QI-Core defines the following profiles specifically for representing negation rationale:
|QI-Core Profile||Base Resource|
Uniformity in vocabularies and value sets enhances the interoperability of knowledge artifacts, but also forces data owners to translate local data into the required vocabulary. As a US Realm product, QI-Core requires value sets and vocabularies referenced in the ONC Common Clinical Data Set (CCDS) and the US Core Data for Interoperability. Because QI-Core is expected to be applied outside the U.S. Realm, and also in clinical settings where local terminologies exist, U.S. Realm bindings could be accompanied by alternative codes as translation codes in the QI-Core profiles. In the case that the US Core Data for Interoperability adopts QI-Core, QUICK, and CQL, policy should be created to mandate the preferred bindings given in the standard.
Note that quality improvement artifact authors should pay close attention to binding parameters specified in the profiles to determine whether the value set defined in the binding is exemplar or should be constrained to a specific value set when used. For example, the code element of the MedicationRequest profile is bound to the complete value set for the RxNorm code system, indicating that all MedicationRequest instances shall use codes from the RxNorm code system, but within any given artifact, instances will typically use a restricted value set.
FHIR resources frequently contain references (pointers) to other FHIR resources. For example, Encounter.patient is a reference to a Patient resource. In QI-Core, most references are constrained to QICore-profiled resources. For example, QICore-Encounter.patient must point to a Patient resource that conforms to the QICore-Patient profile. Consequently, any extensions or bindings expected to exist in QICore-Patient are also present in the resource pointed to by Encounter.patient. References to QI-Core extensions accessed through references are guaranteed to be valid. References to resources that do not currently have QI-Core profiles are not constrained, and as such, only the core FHIR properties and bindings are guaranteed to exist.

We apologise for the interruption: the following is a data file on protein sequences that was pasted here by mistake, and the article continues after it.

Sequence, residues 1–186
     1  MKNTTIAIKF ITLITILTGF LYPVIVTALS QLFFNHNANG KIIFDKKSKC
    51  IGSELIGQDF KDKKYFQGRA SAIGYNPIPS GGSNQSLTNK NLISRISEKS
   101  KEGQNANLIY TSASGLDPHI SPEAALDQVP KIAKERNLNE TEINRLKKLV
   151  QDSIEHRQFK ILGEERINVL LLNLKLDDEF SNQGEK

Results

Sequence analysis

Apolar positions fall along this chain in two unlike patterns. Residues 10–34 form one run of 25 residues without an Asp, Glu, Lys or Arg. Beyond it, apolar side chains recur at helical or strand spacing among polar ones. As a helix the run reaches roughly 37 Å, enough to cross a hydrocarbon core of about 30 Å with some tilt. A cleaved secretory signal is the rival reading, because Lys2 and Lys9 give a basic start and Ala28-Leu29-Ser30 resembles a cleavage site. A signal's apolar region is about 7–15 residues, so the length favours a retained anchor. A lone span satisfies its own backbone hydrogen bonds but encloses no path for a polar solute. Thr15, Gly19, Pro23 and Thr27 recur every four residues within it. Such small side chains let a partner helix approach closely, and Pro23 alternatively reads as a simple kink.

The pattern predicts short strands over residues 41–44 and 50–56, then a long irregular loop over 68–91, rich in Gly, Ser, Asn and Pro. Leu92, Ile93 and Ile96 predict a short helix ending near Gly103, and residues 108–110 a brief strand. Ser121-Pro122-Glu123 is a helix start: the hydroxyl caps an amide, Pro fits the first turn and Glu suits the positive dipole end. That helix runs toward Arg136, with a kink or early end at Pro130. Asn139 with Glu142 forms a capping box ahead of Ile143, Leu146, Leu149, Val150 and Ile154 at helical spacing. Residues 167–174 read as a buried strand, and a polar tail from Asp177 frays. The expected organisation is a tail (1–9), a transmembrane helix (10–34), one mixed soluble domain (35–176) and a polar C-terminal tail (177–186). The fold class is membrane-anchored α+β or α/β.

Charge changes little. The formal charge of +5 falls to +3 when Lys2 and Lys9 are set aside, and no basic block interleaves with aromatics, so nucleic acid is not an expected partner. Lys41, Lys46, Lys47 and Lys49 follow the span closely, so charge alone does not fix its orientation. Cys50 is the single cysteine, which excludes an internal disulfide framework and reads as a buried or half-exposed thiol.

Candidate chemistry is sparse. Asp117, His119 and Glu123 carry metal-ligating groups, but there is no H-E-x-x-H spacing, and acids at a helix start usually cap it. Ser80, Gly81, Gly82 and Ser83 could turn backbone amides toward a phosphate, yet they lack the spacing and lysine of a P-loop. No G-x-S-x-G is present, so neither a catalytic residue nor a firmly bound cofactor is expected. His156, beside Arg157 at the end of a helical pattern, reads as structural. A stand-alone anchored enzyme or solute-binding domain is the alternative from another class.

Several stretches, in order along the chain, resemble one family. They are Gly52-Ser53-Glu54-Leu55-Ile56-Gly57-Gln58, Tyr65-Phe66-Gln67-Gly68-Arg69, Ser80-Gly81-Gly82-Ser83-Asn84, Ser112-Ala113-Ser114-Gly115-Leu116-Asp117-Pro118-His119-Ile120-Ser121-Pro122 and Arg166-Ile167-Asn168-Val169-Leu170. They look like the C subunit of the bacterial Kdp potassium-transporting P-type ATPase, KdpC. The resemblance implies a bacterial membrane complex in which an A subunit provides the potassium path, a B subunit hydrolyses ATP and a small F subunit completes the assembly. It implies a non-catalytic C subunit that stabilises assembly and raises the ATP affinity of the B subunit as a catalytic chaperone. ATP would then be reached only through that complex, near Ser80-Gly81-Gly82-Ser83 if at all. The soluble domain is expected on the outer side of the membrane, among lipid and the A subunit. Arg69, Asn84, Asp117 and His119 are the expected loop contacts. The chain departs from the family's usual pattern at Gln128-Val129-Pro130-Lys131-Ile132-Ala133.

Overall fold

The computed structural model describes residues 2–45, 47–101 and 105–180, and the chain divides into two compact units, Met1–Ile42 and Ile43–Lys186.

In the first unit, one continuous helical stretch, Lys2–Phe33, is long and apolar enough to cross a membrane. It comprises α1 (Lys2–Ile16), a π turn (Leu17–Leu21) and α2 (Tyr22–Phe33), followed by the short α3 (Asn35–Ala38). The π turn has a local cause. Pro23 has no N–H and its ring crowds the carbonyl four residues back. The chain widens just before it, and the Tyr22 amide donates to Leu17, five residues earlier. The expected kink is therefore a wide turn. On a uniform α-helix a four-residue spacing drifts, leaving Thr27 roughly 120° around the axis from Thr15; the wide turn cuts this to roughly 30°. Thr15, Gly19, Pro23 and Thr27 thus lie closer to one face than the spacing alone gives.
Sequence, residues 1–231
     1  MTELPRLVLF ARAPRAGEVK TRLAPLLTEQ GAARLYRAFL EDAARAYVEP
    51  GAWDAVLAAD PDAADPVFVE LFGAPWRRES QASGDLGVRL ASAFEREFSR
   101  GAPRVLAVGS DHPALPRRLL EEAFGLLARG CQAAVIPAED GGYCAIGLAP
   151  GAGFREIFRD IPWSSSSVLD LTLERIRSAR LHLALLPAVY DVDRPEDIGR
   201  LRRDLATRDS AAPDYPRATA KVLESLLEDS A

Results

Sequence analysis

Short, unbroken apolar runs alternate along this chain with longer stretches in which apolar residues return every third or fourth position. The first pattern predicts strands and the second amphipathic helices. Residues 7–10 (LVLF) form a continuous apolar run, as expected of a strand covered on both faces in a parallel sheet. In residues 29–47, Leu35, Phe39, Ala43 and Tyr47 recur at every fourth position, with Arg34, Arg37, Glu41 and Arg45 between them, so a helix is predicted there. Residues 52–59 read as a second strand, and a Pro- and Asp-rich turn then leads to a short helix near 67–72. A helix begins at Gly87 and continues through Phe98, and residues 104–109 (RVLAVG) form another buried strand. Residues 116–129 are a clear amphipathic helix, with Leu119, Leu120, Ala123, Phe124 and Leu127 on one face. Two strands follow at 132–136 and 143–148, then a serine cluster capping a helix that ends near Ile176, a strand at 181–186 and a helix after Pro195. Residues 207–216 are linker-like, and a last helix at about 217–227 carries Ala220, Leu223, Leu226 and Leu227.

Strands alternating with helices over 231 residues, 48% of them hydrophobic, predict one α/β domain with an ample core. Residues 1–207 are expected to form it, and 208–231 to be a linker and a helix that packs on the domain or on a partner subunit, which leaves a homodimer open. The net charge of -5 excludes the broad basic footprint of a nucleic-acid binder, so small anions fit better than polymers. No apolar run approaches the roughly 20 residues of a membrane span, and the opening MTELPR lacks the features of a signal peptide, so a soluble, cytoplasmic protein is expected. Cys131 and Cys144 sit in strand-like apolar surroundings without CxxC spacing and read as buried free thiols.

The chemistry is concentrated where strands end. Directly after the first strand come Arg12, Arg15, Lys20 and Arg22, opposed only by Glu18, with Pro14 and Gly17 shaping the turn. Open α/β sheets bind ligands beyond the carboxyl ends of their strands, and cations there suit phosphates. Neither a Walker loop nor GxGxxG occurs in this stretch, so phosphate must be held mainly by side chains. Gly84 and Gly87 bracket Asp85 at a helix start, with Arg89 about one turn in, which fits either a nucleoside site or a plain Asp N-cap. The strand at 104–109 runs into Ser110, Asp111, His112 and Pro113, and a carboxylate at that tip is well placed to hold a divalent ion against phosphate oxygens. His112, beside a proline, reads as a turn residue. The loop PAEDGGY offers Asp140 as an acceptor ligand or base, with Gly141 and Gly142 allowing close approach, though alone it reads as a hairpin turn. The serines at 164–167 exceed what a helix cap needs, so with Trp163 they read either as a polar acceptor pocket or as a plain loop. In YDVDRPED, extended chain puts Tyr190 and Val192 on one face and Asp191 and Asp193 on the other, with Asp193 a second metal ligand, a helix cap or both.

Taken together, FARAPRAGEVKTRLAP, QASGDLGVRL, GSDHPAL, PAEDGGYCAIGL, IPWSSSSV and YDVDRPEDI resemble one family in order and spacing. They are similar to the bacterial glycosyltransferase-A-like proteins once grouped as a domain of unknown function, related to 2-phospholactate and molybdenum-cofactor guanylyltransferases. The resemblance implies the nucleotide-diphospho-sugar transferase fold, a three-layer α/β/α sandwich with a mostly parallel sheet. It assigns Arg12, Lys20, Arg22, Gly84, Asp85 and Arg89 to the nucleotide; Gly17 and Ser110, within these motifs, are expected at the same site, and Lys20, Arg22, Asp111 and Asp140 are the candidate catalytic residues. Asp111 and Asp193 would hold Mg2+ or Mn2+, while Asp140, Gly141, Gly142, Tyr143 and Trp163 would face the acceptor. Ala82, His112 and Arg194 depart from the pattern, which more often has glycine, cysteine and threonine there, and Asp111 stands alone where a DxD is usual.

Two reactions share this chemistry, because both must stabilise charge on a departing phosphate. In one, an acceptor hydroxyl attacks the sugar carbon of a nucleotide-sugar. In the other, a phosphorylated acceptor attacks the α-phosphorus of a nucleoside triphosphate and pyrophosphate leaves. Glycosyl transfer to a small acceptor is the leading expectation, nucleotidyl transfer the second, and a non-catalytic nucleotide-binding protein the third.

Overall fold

A particular problem occurs when a resource reference permits any type of resource, such as Encounter.indication. When dealing with “Any” references, the current method of specifying profiles does not allow the profile author to specify something to the effect of “a QI-Core resource when there is one, and a FHIR core resource if there isn’t.” In QI-Core, the resources in “Any” references SHALL conform to QI-Core profiles if the base resource has been profiled.
Conformance to this QI-Core Implementation Guide requires the following (in addition to adherence to core FHIR requirements):
|James Bradley||The MITRE Corporation||Contributor|
|Paul Denning||The MITRE Corporation||Contributor|
|Marc Hadley||The MITRE Corporation||Contributor|
|Ben Hamlin, MPH||NCQA||Contributor|
|Mark Kramer||The MITRE Corporation||Originator|
|Jason Mathews||The MITRE Corporation||Originator|
|Chris Moesel||The MITRE Corporation||Contributor|
|Peter Muir||ESAC, Inc.||Contributor|
|Robert Samples||ESAC, Inc.||Contributor|
|Sam Sayer||The MITRE Corporation||Contributor|
|Raman Srinivasan||IBM Watson Health||Contributor|
|Jason Walonoski||The MITRE Corporation||Contributor|